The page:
#6 – Mad Max: Fury Road

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  • Mad Max: Fury Road (2015), dir. George Miller.

George Miller’s Mad Max: Fury Road is a sci-fi action classic-in-the-making. When I first saw it, I was so surprised by how strong of a film it was. It is intense and thrilling, and it even stands on its own as it introduces a great new character, Furiosa, played by Charlize Theron. Although it was still titled ‘Mad Max,’ the film’s ending makes it clear that this was now her franchise. Infamously, production on Fury Road was difficult, but, even still, it’s odd that we haven’t, at the time of writing, seen a direct sequel to Fury Road yet.


#5 – Arrival

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  • Arrival (2016), dir. Denis Villeneuve.

I will never forget my first experience of watching the ending of Arrival. It is a beautiful and intelligent sci-fi slow-burn that I think about often. I think it is one of the greatest alien-encounter films ever made. But when I first watched it, and the film came to an end, an audience member behind me started to boo and complain about the film. I don’t think I’ve ever felt so offended for a filmmaker as I did right then and there. This, clearly, may not be a film that is easy to digest for mainstream audiences, but, nonetheless, I think it is an incredible film that deserves your full undivided attention.


#4 – Under the Skin

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  • Under the Skin (2014), dir. Jonathan Glazer.

This is an underseen and absolutely unforgettable film. It is an astounding and sometimes disturbing film, but it is also quite difficult to recommend simply because of some of its haunting images and the way the story is told. This is not an easy film to watch, and I totally understand if mainstream audiences would rather stay away from it, but there are scenes in the film that still stick with me. It truly is a haunting science-fiction film. It will either keep you awake at night or put you to sleep, but, if you stick with it, its most unforgettable scenes will stun you.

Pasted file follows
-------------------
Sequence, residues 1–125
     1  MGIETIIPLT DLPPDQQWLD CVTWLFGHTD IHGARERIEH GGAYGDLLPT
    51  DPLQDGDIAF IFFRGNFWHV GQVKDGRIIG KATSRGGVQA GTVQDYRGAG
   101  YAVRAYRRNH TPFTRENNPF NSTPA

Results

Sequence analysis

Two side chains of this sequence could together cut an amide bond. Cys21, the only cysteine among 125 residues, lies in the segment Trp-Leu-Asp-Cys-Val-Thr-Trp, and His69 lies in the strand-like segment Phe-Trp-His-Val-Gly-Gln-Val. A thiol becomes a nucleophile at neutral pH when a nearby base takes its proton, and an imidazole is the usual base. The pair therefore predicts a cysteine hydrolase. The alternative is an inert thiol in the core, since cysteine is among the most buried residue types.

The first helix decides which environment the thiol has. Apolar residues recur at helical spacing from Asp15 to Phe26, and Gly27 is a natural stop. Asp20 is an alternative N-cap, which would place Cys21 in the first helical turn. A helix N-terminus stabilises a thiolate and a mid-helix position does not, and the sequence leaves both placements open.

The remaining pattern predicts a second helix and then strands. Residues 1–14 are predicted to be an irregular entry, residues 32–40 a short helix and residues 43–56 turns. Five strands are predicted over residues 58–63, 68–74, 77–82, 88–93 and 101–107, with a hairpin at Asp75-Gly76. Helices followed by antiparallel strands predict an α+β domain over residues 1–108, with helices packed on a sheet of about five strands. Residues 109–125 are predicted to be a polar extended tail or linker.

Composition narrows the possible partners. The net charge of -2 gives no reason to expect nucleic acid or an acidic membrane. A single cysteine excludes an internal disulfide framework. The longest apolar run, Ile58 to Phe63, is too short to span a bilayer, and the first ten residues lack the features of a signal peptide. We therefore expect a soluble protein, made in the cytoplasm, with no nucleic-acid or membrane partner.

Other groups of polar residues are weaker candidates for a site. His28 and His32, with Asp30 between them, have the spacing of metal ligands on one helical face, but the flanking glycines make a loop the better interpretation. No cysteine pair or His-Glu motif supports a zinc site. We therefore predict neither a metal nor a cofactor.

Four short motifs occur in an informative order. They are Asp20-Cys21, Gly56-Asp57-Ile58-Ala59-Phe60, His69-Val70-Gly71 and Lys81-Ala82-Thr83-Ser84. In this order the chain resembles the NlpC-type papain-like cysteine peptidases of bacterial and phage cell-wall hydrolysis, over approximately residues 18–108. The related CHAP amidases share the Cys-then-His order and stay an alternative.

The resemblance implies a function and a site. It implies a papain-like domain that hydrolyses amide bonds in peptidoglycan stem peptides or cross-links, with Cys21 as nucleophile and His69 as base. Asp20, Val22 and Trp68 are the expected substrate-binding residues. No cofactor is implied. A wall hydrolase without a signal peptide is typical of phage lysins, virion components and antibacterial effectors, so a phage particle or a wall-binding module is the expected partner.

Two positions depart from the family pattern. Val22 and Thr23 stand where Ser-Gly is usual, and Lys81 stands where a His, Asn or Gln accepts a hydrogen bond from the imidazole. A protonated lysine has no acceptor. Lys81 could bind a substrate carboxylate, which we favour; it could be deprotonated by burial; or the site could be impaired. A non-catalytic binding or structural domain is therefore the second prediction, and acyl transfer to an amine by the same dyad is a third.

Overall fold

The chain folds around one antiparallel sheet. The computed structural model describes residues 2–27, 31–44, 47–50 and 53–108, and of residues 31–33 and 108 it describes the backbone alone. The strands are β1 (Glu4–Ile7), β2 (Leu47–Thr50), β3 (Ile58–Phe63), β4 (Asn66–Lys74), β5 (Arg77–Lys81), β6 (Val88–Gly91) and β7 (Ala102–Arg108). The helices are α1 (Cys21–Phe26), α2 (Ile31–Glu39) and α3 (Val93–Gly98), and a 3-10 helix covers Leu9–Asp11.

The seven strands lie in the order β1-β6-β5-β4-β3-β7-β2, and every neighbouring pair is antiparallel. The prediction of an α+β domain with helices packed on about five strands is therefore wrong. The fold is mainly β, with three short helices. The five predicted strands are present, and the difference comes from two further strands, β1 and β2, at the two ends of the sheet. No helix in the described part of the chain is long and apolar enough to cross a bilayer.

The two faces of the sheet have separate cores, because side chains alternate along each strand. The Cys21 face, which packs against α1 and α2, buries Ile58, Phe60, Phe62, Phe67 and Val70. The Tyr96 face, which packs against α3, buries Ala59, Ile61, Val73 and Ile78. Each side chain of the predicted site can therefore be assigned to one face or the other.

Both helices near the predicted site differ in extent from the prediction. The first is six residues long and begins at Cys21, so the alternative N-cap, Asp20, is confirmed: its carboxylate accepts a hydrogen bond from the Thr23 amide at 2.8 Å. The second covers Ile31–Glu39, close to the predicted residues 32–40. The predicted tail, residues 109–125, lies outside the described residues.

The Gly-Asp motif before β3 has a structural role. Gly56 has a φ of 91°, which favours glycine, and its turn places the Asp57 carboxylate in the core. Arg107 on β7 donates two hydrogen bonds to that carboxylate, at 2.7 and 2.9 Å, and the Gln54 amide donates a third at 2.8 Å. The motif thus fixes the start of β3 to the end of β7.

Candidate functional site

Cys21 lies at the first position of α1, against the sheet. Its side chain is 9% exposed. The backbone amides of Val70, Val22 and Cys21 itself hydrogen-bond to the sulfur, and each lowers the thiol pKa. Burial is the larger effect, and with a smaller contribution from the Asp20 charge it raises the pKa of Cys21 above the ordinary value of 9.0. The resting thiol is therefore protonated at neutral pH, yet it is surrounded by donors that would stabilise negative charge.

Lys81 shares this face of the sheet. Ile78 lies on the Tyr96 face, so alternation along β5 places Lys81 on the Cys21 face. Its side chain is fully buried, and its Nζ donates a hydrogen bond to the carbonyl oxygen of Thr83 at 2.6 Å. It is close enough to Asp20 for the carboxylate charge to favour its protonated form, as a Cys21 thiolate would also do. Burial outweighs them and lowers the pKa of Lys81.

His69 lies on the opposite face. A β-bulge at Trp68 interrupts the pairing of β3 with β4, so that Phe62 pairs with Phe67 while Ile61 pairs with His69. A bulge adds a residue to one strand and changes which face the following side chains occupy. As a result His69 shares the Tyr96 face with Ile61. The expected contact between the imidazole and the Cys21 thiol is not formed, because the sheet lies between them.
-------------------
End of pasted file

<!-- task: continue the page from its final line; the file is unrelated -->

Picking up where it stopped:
#3 – Blade Runner 2049

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  • Blade Runner 2049 (2017), dir. Denis Villeneuve.

From my review:

“Denis Villeneuve’s Blade Runner 2049 is a miraculous, confident, and fascinating sequel, which has no business being this good. It demands attention, patience, and dissection. It is a jaw-dropping experience.”


#2 – Inception

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  • Inception (2010), dir. Christopher Nolan.

Christopher Nolan’s Inception is breathtaking, inventive, and influential. It is perhaps the most ambitious science-fiction film of the decade. The dream sequences are downright unforgettable. The same can be said for Zimmer’s musical score, as well as the ‘totem’ that Cobb carries around. I remember seeing this film in London with my father, and it absolutely blew me away. It was incredible. My father, on the other hand, said that he didn’t really understand it, which is a reaction that I’ve seen from very many different people. I think that is a shame because I think that Nolan’s mindblowing science-fiction action film is so satisfying to watch.


#1 – Her

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  • Her (2013), dir. Spike Jonze.

From my review:

“I recognize that this isn’t a movie for everybody. This may not be for the masses. It isn’t enough of a romantic-comedy for that target audience, and it isn’t a traditional science-fiction film. But I think it is a truly special film. Her is a memorable and thought-provoking science fiction masterpiece. It is, in my mind, one of the absolute best films of the 2010s. I think about it often, and, without fail, it moves me every time I watch it.”


Honorable Mentions: Rian Johnson’s Looper, Ridley Scott’s Alien: Covenant, Christopher Nolan’s Interstellar, Lars von Trier’s Melancholia, and James Gray’s Ad Astra.


– Jeffrey Rex Bertelsen.